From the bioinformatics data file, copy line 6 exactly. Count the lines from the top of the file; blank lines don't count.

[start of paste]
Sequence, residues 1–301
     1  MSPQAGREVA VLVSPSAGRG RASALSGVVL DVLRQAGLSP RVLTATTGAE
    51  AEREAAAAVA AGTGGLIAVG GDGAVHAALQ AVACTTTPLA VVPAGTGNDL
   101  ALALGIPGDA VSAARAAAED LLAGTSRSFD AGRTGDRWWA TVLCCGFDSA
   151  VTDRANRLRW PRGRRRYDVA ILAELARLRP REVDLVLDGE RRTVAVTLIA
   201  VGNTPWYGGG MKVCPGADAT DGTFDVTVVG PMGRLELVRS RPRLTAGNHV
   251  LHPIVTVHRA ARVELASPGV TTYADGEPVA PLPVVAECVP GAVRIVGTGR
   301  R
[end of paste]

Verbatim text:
   201  VGNTPWYGGG MKVCPGADAT DGTFDVTVVG PMGRLELVRS RPRLTAGNHV